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Choosing Vulnerability

Posted by Molly Meyer on


Vulnerability. This word strikes fear in my heart. It makes me uncomfortable. It probably does the same for most of us. 

Merriam-Webster defines the word vulnerable as: capable of being physically or emotionally wounded, open to attack or damage. 

Image credit: Brian Abeling / Flickr

That doesn’t sound fun, pleasant, or attractive in any way. It makes me want to run and hide. It makes me want to do laundry instead of write about being vulnerable.

I prefer the word authentic. Its definition is: real, actual, true to one's own personality, spirit, or character. That sounds much more pleasant. I love to be authentic, to sit with friends and have long talks about the big picture, as well as the small details, of life. I enjoy deep, soul-filled discussions that help me understand them, myself, and the world a little better.

I can do authentic. I’m not very good at vulnerable. But I’m discovering that there is great healing and transformation available in being vulnerable.

Research professor and author Brené Brown says, “Vulnerability is not weakness. It’s the courage to show up and be seen when you have zero control of the outcome.” 

The times in my life when I have been my most vulnerable have included: moving to new cities where I knew no one, interviewing for jobs I need/want, getting laid off, watching my bank account drop to my last $400, trying to get pregnant after a miscarriage, trying to get pregnant after a stillbirth, being generous when we don’t have a paycheck coming in, giving difficult advice to a friend, giving difficult feedback to a stranger, and facing people who misunderstood my intentions.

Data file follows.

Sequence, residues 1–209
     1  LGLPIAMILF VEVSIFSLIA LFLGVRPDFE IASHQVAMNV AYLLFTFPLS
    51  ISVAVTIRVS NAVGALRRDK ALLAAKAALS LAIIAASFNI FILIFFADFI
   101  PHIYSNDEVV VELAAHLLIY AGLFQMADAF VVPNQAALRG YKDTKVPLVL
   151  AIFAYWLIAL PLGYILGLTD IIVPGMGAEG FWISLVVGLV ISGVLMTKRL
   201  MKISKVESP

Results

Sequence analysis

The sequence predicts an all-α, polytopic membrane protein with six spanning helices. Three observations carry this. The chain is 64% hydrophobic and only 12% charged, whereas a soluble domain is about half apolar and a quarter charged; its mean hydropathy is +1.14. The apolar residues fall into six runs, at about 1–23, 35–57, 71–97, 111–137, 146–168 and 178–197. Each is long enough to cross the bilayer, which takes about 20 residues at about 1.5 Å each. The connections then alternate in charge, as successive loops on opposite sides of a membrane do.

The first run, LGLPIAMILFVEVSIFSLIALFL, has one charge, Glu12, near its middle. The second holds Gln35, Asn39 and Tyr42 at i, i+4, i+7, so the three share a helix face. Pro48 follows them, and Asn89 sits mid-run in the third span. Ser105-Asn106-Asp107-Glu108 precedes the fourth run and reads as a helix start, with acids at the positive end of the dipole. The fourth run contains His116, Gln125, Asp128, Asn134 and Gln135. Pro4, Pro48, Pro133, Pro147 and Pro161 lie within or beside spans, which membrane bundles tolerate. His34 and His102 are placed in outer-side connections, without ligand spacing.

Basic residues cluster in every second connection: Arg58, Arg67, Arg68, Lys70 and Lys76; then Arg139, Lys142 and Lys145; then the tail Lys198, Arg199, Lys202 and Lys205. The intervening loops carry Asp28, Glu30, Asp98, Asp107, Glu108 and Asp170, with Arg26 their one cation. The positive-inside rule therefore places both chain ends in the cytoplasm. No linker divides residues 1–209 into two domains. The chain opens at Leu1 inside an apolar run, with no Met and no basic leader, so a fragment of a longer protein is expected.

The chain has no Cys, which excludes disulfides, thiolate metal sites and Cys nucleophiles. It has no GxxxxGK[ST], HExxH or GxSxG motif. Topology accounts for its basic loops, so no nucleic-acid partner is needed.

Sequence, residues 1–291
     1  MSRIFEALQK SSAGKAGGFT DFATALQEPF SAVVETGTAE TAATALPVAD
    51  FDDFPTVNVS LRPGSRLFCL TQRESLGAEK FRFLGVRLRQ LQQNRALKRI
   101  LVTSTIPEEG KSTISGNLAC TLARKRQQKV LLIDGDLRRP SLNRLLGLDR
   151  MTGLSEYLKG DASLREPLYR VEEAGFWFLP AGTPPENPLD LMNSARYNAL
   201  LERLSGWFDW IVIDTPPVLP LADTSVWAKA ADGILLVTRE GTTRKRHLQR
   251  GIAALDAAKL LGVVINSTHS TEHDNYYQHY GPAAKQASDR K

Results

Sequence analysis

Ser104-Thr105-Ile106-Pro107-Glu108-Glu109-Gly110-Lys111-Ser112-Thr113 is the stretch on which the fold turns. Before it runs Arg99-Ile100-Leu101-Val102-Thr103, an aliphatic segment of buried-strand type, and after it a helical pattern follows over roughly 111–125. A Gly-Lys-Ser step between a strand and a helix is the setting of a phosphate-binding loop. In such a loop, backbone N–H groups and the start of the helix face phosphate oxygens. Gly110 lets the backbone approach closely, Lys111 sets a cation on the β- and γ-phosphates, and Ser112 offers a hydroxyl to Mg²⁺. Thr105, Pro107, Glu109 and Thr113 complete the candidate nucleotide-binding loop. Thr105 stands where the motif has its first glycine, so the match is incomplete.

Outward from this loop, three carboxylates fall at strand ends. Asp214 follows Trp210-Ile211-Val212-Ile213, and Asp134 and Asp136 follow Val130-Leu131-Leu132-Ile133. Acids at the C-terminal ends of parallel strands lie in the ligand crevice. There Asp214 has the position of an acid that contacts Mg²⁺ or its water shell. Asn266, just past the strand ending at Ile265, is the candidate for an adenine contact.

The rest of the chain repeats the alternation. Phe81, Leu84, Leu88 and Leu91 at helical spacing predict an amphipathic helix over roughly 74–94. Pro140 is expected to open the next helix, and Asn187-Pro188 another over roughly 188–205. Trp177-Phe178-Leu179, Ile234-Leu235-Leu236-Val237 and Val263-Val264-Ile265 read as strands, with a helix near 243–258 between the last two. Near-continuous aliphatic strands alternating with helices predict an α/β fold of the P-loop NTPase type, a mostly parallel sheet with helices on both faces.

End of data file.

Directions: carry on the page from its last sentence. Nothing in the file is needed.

My greatest vulnerability challenge right now is trying to figure out what I want to do in my next phase of life. My youngest will start kindergarten in the fall. This will open up my days and allow me to find a career again. I’ve been out of the corporate workplace for over ten years. If I want to go back to that kind of work, it will be a challenge to prepare myself and sell myself back into it. If I want to do something completely different from my technical and business background, I will need to start from scratch, feeling my way along.

I wish I had a clear purpose and direction, but I don’t. I have a bunch of different yearnings to do a lot of very different things: Pursue writing more seriously? Explore philanthropy? Return to school for another degree? Law? HR?

I feel very vulnerable in the process of trying to choose. What if I pick the wrong path? What if I end up not liking it? What if I fail? What if I don’t make any money?

But Brené Brown teaches that "…vulnerability [is] uncertainty, risk, and emotional exposure. Yes, feeling vulnerable is at the core of difficult emotions like fear, grief, and disappointment, but it’s also the birthplace of love, belonging, joy, empathy, innovation, and creativity. When we shut ourselves off from vulnerability, we distance ourselves from the experiences that bring purpose and meaning to our lives."

I don’t want to live in fear for the rest of my life. I want to face my fear and risk failure. I want the reward of creating something of value that has an impact on myself, others, and the world. I want to have the courage to step into the arena, get myself dirty, and pick myself back up after I fall.

So I will continue to explore different options, willing myself to be courageous and try new things, even at the risk of failure. I will try to listen more to God, others, and myself. I will choose to feel uncomfortable, scared, and even vulnerable.



Growing up, Molly Meyer wanted to be a professional cheerleader. When she realized she had no natural talent for it, she decided to be an engineer instead. Currently she calls herself a stay-at-home mom for her three children. She finds this phase of life joyful, humbling, and challenging. She hopes that God is doing a transforming work in her and preparing her to make an impact in the lives of her children and the world around her.


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